required to be adduced. Indisputably, in the present case, the respondent

No. 2 never came out with any pleading other than stating the date of

63
default as ‘08.07.2011’ in the application. That being the position, no case

for extension of period of limitation is available to be examined. In other

words, even if Section 18 of the Limitation Act and principles thereof were

applicable, the same would not apply to the application under consideration

in the present case, looking to the very averment regarding default therein

and for want of any other averment in regard to acknowledgement. In this

view of the matter, reliance on the decision in Mahaveer Cold Storage Pvt.

Ltd. does not advance the cause of the respondent No. 2.

34. The submissions made on behalf of respondents that the rules of

limitation are not meant to destroy the rights of the parties and reference to

the decision in N. Balakrishnan (supra) are also misplaced. Application of

the rules of limitation to CIRP (by virtue of Section 238-A of the Code read

with the above-referred consistent decisions of this Court) does not, in any

manner, deal with any of the rights of respondent No. 2; it only bars

recourse to the particular remedy of initiation of CIRP under the Code.

Equally, the other submissions made on behalf of the respondents about

any stringent application of the law of limitation which was introduced to the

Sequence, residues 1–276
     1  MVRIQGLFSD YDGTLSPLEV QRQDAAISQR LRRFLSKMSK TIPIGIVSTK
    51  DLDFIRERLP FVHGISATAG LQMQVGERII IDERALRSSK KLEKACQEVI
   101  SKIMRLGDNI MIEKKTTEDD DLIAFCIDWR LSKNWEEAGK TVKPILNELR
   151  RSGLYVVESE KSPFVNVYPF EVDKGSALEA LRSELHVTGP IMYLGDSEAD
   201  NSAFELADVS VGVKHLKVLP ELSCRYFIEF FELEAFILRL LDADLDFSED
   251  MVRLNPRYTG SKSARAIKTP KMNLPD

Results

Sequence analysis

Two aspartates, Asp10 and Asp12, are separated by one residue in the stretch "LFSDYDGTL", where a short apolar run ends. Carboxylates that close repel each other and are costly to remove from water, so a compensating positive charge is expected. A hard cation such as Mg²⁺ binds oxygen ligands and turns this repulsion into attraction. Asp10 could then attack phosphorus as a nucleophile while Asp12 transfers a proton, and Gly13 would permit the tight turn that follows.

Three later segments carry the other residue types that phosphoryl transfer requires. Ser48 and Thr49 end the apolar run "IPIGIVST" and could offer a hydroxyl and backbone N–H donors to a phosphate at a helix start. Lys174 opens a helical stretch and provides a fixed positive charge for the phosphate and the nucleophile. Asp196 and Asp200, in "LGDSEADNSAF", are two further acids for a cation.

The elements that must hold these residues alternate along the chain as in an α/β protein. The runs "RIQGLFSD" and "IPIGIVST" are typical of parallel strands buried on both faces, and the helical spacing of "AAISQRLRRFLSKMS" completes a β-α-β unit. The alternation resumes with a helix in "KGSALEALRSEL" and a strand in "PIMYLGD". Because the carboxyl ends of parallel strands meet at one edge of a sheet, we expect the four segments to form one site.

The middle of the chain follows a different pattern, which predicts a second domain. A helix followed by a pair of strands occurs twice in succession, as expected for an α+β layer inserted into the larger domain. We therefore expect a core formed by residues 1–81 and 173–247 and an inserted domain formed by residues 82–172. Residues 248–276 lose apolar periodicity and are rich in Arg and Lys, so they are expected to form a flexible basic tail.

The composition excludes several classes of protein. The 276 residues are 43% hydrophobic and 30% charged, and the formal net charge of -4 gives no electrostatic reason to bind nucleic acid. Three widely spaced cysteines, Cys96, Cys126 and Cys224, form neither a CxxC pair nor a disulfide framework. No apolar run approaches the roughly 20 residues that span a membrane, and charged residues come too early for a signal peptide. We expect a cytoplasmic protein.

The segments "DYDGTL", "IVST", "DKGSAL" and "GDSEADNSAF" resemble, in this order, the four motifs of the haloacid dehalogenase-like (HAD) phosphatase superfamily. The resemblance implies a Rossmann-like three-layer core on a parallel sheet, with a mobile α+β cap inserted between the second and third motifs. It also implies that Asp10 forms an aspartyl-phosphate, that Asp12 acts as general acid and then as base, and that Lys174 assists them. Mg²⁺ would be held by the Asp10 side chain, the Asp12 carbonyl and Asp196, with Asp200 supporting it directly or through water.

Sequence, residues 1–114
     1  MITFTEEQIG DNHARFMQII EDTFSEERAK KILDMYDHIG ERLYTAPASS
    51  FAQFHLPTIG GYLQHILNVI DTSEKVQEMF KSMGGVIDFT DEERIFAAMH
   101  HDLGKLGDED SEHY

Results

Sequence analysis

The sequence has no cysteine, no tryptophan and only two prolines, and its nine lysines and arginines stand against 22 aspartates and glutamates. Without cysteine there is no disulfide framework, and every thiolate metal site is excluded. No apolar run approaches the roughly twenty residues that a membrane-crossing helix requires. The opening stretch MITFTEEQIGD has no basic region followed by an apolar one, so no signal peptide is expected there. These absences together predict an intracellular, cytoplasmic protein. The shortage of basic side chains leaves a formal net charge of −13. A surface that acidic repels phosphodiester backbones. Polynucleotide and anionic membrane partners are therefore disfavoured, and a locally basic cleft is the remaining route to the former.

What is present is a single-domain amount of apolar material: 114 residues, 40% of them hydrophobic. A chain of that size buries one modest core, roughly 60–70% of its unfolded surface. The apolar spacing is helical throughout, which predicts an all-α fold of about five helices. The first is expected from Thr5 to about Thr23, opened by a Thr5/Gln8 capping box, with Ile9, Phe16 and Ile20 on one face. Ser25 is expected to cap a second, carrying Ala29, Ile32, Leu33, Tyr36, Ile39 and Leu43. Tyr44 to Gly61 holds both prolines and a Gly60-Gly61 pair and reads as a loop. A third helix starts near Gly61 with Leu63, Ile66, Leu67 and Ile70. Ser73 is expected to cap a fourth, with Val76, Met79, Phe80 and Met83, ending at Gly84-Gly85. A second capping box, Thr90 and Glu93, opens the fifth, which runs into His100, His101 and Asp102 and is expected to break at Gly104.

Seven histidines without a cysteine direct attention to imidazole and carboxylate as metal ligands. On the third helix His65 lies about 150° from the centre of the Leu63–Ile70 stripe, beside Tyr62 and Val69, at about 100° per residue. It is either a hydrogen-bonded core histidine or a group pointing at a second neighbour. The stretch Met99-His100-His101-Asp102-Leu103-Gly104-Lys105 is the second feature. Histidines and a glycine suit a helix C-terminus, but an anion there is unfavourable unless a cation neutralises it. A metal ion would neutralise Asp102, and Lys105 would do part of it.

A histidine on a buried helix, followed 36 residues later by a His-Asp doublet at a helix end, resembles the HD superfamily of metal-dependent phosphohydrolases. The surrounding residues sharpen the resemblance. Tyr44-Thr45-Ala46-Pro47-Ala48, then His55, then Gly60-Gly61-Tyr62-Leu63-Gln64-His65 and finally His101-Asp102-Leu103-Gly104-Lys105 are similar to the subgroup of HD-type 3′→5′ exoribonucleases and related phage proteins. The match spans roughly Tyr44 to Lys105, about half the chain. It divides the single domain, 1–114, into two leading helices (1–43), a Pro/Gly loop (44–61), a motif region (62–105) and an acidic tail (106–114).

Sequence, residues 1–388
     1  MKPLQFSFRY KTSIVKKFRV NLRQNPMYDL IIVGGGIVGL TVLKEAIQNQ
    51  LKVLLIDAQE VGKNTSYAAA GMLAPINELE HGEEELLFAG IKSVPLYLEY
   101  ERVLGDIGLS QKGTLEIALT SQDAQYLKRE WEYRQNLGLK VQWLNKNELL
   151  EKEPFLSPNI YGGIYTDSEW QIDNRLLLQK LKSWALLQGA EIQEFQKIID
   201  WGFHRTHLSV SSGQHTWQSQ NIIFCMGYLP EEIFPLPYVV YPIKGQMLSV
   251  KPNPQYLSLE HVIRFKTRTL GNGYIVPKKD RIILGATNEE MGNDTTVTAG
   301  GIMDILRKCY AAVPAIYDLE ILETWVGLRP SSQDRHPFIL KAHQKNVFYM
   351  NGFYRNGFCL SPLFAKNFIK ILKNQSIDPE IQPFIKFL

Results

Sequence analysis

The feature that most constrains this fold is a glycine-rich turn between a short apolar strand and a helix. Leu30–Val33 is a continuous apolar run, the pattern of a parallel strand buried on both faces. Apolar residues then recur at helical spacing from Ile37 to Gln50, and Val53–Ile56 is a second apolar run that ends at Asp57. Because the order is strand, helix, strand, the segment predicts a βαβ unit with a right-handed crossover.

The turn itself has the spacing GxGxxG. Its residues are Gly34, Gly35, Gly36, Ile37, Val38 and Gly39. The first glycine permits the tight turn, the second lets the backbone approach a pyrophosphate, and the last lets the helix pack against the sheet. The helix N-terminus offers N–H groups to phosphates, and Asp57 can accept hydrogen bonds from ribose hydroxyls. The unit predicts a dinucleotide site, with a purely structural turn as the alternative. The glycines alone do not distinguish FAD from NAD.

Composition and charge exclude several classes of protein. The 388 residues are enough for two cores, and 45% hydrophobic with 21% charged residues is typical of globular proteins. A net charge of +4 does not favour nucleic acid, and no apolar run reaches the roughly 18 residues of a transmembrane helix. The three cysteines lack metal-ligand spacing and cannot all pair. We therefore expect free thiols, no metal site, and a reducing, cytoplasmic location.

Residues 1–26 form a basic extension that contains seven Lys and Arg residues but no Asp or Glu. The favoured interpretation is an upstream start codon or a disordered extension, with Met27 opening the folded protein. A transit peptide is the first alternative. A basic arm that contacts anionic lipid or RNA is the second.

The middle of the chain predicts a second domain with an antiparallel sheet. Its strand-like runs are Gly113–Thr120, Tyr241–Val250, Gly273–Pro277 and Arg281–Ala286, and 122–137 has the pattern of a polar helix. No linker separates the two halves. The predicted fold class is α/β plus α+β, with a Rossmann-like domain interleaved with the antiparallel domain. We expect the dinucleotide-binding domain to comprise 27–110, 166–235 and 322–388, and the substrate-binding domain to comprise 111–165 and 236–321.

Code only after filing of the application by respondent No. 2; or about the so

called prejudice likely to be caused to other banks and financial institutions

are also of no substance, particularly in the light of the principles laid down

and consistently followed by this Court right from the decision in B.K.

Educational Services (supra). These contentions have only been noted to

be rejected. Needless to add that when the application made by the

64
respondent No. 2 for CIRP is barred by limitation, no proceedings

undertaken therein after the order of admission could be of any effect. All

such proceedings remain non-est and could only be annulled.

The reasonings of NCLAT

35. The foregoing discussion practically concludes the principal part of

contentions urged in this matter but, to put the record straight, we may also

deal with the reasonings adopted by NCLAT in the impugned order dated